Why the World's most favourite Microphone is being left in the sound booth.

Without wishing to sound like some kind of nerd and write a technical breakdown about microphones (who cares?) – We mustn’t ignore that the podcast listening marketplace has gone crazy mad over the past few years and if you are thinking about taking the plunge yourself then this short blog might just help you, enormously.  A little background first just to quantify my research. I’ve owned four ‘Pro’ microphones for voice work in the past seven years (two of them I found useless for my needs) I record Voice Overs every day and I’ve 17 years of Radio Broadcasting experience behind me.  So I’ve thrown my voice into mics for years (professionally)  and as I prepare for the launch of my own Podcast I’m making some important ‘audio’ decisions.  At the time of writing this, I’m in geek heaven.
When you listen to a popular podcast that isn’t recorded in a professional ‘acoustically sound’ room then there is every chance you will have heard the results of the worlds most ‘favourite’ microphone of them all  The Shure SM7B. During lockdown artists performed on Late Night talk shows  ‘Live from Home’ via webcam and a SM57B.  Joe Rogan the world’s most popular podcaster uses it, Green Day, Sheryl Crow, Bob Dylan, Dave Grohl have given it a go and let’s not forget pretty much every youtuber and content creator since 2009!  They all use it, and swear by it –  but it was Michael Jackson who first drew attention to it after he using it for the recording of the Thriller album.
Michael Jackson SMB Studio Recordingjpg
Why is it so good?  Three very good reasons (technical bit)
1. It’s got a huge frequency response, so it can make pretty much anything sound great!
2. You can be loud, a jet engine is 112 db, this handles 180 db.  So scream like Jackson in Thriller as much as you like, it’ll handle it.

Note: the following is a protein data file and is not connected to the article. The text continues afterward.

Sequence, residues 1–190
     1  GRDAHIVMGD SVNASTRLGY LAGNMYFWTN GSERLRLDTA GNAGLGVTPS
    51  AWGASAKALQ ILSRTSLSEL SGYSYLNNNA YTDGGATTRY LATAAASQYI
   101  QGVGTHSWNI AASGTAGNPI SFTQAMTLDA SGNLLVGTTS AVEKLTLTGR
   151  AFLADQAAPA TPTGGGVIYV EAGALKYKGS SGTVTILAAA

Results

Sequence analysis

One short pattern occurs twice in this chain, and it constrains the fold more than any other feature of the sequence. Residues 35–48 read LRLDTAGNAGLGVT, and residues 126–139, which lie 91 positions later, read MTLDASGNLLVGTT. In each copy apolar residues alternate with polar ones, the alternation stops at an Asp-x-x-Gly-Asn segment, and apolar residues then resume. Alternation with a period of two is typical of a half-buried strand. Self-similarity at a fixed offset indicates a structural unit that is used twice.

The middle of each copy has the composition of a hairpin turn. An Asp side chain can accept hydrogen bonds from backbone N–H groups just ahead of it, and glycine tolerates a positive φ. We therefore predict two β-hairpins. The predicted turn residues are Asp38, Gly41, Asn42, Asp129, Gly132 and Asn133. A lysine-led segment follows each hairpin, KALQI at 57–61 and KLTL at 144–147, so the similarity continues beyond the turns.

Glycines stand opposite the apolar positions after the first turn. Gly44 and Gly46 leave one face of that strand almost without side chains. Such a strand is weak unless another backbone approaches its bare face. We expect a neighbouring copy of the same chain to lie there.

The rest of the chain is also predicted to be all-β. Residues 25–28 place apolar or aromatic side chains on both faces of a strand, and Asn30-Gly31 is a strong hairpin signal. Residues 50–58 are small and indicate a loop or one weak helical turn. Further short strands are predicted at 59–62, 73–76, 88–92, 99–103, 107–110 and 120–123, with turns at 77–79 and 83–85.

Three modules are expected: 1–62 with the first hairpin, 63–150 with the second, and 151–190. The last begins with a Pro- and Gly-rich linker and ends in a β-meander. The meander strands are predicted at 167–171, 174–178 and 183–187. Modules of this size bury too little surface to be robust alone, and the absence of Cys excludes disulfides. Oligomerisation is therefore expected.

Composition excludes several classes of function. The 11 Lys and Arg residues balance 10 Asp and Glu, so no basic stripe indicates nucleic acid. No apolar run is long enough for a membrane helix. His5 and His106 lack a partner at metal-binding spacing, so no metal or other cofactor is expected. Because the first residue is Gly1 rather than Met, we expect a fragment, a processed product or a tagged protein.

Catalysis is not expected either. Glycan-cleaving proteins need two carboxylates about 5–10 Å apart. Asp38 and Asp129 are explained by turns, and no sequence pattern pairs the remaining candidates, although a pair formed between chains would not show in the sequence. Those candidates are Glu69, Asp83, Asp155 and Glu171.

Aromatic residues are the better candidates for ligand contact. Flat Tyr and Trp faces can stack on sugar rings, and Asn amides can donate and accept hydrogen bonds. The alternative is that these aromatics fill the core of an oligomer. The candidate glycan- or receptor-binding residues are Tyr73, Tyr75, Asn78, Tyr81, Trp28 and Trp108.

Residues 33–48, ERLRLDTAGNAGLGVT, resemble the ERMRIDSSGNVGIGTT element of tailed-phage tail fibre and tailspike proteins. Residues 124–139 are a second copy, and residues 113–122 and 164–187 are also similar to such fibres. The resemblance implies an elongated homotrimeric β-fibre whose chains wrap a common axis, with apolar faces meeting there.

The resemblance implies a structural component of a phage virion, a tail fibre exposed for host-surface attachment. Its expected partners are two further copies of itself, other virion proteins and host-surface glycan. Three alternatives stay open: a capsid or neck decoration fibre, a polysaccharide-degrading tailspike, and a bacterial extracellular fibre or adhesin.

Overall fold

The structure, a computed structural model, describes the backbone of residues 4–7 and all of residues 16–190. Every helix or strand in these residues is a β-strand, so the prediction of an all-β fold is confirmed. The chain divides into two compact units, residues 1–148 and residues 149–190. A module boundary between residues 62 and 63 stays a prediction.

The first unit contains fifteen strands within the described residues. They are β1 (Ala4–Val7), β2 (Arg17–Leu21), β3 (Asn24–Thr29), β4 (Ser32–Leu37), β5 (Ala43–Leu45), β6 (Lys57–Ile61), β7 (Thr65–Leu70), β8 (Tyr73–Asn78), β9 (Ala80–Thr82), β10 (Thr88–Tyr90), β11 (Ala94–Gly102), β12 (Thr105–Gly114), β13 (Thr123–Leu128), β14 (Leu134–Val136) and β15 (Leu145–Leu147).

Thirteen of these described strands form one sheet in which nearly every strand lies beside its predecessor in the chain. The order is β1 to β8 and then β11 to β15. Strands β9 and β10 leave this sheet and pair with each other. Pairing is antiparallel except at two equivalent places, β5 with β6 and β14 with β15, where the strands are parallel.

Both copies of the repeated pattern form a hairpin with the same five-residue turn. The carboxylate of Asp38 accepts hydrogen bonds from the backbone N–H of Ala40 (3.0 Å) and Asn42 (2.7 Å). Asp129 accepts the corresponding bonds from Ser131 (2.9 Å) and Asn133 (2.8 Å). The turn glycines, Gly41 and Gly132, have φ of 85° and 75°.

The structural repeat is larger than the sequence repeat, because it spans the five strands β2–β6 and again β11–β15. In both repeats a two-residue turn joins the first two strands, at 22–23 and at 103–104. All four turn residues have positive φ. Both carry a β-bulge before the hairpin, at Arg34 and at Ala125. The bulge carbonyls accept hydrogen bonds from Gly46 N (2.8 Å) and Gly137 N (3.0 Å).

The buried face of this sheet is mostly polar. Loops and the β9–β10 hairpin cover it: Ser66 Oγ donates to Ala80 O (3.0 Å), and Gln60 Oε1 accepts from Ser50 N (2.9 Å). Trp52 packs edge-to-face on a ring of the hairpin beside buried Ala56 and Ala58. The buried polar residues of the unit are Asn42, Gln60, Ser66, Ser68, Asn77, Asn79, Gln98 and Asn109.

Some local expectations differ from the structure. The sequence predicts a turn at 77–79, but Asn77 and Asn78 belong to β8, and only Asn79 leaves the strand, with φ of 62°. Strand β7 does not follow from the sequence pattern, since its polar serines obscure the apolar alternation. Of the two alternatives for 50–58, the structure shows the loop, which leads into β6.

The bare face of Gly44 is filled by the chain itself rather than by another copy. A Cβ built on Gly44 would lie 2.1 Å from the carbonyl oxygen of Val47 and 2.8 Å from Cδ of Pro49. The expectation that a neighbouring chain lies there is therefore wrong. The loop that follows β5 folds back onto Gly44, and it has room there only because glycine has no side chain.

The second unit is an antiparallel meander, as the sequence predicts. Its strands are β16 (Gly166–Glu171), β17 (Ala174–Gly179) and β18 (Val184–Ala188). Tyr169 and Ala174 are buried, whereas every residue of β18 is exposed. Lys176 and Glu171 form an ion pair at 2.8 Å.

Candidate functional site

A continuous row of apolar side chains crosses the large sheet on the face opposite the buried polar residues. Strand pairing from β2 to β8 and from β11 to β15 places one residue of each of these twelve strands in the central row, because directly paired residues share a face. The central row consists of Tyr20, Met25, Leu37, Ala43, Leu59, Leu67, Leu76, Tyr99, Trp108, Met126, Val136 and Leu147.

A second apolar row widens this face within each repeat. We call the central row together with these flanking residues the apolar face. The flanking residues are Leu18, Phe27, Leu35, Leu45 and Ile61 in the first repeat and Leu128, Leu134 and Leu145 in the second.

3. It’s a dynamic microphone with a cardioid polar pattern – which means it rejects all the surround sounds behind the mic almost completely.
That means if you don’t have a room that has been acoustically treated it won’t matter.  No foam tiles or sound softeners required and if you’ve ever tried to get studio like results by ‘Proofing a room’ you’ll know just how much of a nightmare that really is (anyone want to buy three hundred foam tiles?  they’re in my garage).   So the Shure SM7B answers all our prayers right?  Well yes and no.
You see the truth is that this microphone (that costs around £350 – £400) will not be making you sound like Lenny Kravitz on his porch in Malibu during a lockdown ‘song cast’, or your favourite Radio broadcaster either without the part that is ignored by so many – you see, to match the microphones quality you really need a nice Audio Processor.  It’s not needed for the microphone to work (phantom power not required) but the difference is seismic.  I mean, you can hear the noises it picks up without the audio processor part but it sounds nothing like it should with a microphone of its quality.  Quick analogy; you can kick a football wearing slippers, or you could use football boots.  The difference is huge.  Trust me, I know.  I have my own and use it daily.  I have for 5 years now.  All from my ‘Home Studio’.
To get the true worth from the Shure SM7B my personal Audio Processor of choice is the DBX 286s.  You can compress (with a little attack), de-ess (making a voice sound less sibilant) , put a little EQ to perhaps highlight the bottom end? Then there is the expander gate to remove your breath intake and remove even more of those unwanted sounds…. the difference is massive, I can’t stress that enough.
A recorder like a Rhodecaster, or Tascam field recorder isn’t anything like what we’re talking about here – an Audio Processor is what is actually required.
So the question as I set myself up to start podcasting with a guest microphone is, do I double up and purchase another SM7b and Audio Processor?  err hell no.
Two Shure SM7b’s at £758, along with two Audio Processors at £130 each suddenly we are at the other side of a grand.  You see there’s a new (much much cheaper) microphone on the market that I’m rather keen on.
Enter the Podcasting Microphone from Rhode – at £103.  It too is a Dynamic Microphone to reject the surround sounds (the most important factor), it comes in white!  You can use XLR or USB-C for your signal output, apparently allowing you to plug straight into a phone.  I’m compelled to give it a run for it’s money after reading all the reviews.  What no Audio Processor requirement?  Post production will suffice, the classic V and light processing.   It’s all down to cost, I’ll level with you.  But if you have the Shure SM7B for your setup – or thinking about it, don’t forget the other hugely important factor in your ‘Chain’ so you can make it do what it’s meant for.
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